We are also working more with Clinical Commissioning Groups who are responsible for primary health care provision and pushing for districts to be part of the new system of Integrated Care Systems governance to ensure health care is planned on a more joined up way across the region.

However, this work is not easy when we are committed to the high levels of housing growth agreed by previous administrations.

The history of this goes back many years. In 2014 the Strategic Housing Market Assessment identified a need for 100,000 homes for Oxfordshire for the period 2011 to 2031.

The Vale's Local Plan adopted in December 2016 by the previous administration, baked in this high quantity of development in the district and allocated the sites you refer to in your question at Grove Airfield and Monks Farm including land near Letcombe Brook for housing. This was further reinforced in 2018 with the signing of the housing and growth deal. With this deal the County Council received some funding for infrastructure, but not at a level to cover the cost of all that would be required.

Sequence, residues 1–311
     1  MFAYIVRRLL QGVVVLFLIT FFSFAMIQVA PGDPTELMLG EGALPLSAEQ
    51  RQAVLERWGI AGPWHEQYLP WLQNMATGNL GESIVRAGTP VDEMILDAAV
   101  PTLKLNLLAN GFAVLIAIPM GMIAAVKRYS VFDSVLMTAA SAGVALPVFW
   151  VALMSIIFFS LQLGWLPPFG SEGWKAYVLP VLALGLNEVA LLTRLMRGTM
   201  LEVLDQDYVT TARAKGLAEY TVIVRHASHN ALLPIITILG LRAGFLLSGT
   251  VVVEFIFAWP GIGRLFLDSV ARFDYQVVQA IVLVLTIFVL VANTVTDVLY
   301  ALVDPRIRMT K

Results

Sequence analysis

Unfortunately, these decisions are not something we are able to go back on and change.  


It takes time for housing to come forward so the developments we see now are the outcome of this period and the decisions made by a previous administration; we are still having to use those targets and policies when our planning department and committee make decisions on applications coming through now.  

Our administration has always been committed to a fairer and more sustainable approach to planning. We are working on a new Local Plan with South Oxfordshire District Council and we are working through the Oxfordshire Plan 2050 process with other Oxfordshire Councils to agree a new housing requirement figure.  

Changing planning policy takes time, but after a lot of work behind the scenes, our first consultation on the Joint Local Plan launched last week. We really want to hear from the public about what their vision for the future of our district is, and what policies we can put in place to guide planning in coming years and give this council more levers to insist on sustainable levels of housing and the infrastructure and affordable homes our communities need.